Two stories. Two days.

Story 1

Last week my buddy Clint gives me a call at 8am in the morning. Now I’m an early riser so for me this is when my brain is firing on all cylinders, so no big deal. Clint however is in the pacific time zone, and I’m in central which makes it 6am his time…which makes the call a bit unusual. Apparently he had just come in from doing control work (that’s patrol geek speak for setting off those avalanche explosives) at Schweitzer. Anyway he was milling around at the patrol shack recanting with his fellow superhero’s about the previous days adventures and a story came up how a patroller had skied past an incident not once, but twice. Not this is not terribly unusual at Schweitzer. That mountain has abundant tree skiing and some pretty remote pockets for adventure, and don’t even get me started on the fog, legendary! Now can you imagine how long it can take for a patroller responding to incident to ski down, take the lift, ski down, take the lift, ski down…”oh there he is!”. Woof!

Story 2

Next day my wife conveys a story she heard from our friend Kathleen about how Chris (her husband) was skiing down…some run…, and “POP” goes his ankle. Said he actually heard it, and you know it’s bad when you can actually hear your bones talk. Chris is a super “free the heel” proud telemark skier that can make continuous turns look effortless. I made the call to check in a few days later. Apparently the conditions were decent but he said he definitely hit, what he called “cruft”, just under the surface. Must’ve thrown his balance off just enough to put him in an “unrecoverable spin”, sorry Goose.

Of course the next segment of the conversation pertained to the response time from patrol “did you go down in the toboggan….how was the care…how long did it take for patrol to reach you?”. Yes. Excellent. Less that 3 minutes! Yowza! Now that’s impressive! How did he get patrol assistance so quickly? It hit me that he the patrol direct phone number on speed dial. Oh, did I forget to mention, Chris is a well-seasoned volunteer Mountain Ambassador for Schweitzer…. yep that’s why he has there direct line. Obviously this is extremely rare. I’ve personally spoken with hundreds of folks and no one has patrols direct number. Sometimes patrol doesn’t even have a direct number.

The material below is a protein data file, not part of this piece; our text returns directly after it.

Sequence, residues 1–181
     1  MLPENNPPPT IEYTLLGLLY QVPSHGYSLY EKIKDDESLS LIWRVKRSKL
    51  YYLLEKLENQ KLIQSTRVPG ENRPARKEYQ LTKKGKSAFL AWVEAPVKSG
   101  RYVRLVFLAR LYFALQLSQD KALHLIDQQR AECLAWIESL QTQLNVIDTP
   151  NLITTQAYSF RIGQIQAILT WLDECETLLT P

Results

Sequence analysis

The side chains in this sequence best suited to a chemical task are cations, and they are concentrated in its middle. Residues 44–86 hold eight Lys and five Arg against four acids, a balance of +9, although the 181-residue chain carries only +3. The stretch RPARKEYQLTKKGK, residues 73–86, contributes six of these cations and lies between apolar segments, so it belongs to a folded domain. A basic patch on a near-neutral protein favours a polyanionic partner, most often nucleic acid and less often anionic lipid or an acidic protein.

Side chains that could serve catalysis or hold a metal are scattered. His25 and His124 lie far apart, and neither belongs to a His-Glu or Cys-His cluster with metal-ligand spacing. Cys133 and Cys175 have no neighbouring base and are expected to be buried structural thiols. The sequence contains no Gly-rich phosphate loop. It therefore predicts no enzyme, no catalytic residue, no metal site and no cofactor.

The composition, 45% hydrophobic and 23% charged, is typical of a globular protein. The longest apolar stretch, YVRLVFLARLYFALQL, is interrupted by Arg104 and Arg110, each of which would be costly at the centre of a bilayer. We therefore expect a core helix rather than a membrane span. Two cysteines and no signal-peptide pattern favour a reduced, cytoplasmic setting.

Well the verdict is still out as to whether Chris needs surgery or not, but his ski days are definitely done for the season; sorry Chris. Big thanks to the patrollers that brought my pal down, you guys rock!

I obviously don’t need to draw you a line here but this is exactly what SnoSuite is going to do, give everyone a direct line to patrol…no phone number required.

Sorry for your loss

If you’ve been following current events you may have seen that Taos Ski Valley had an inbounds avalanche on Thursday which took the lives of two skiers. The skiers were on the K3 chute near the top of Kachina Peak; the mountains highest point at 12,481 ft., when the avalanche occurred. This was the first in-bounds avalanche in Taos 64 year history.

As you follow the story you will find countless references to team work, heroism, and organization as more than two hundred volunteers worked with ski patrol to form a probe line to locate and extricate the trapped skiers as quickly as possible….I Love you! One witness said it couldn’t have been more than 5 minutes before efforts were underway to locate the fallen and the first was extricated in <15 minutes. Yes, this is a long time to be trapped, no doubt about it, but that fluffy powder at the top turns into concrete in an avalanche, and the patient was 6 feet down. My heart goes out to the families of those lost, but my joy rises up when I read the stories about the teamwork involved….cheers to you all, my alpine family.

After reading through an article from the SantaFeNewMexican I was browsing the comments section and came across a post from a guy named Ben Shroeter that read “I hate to say this but this is 100% the fault of Taos Ski Valley.” My first thought was what an ass! Hey Ben, how could you have possibly come to such a deduction so quickly? The investigation just got started! And furthermore this is not a time for judgement, it’s a time for grievance. Ok I’ll say it aloud…What an ass!  Now theoretically it could be the fault of Taos, I guess. Maybe the patrol team leader came in that morning with a major hangover from the previous nights binger, took one look at the hill and said “looks good to me, open ‘er up.” Sure, it’s possible, but, in my best english accent, “not bloody likely”.

This tool continues his rampage with “The Taos Ski Patrol obviously was not adequately trained” and “The staff should have known better”. Look folks, this is a wilderness sport and must be treated as such. If you play in the outdoors you have to accept the reality that occasionally the unexpected can, and will, occur. I personally have multiple friends that are ski patrollers and they take the job very serious! Training is a continuous effort and these guys put in tons of hours to bring us the safest conditions possible… they make in-bounds skiing possible! But that said they are not in charge, mother is…mother nature.

Now go out there and make you next run a tribute to those that have died doing what they love…and wear your helmet!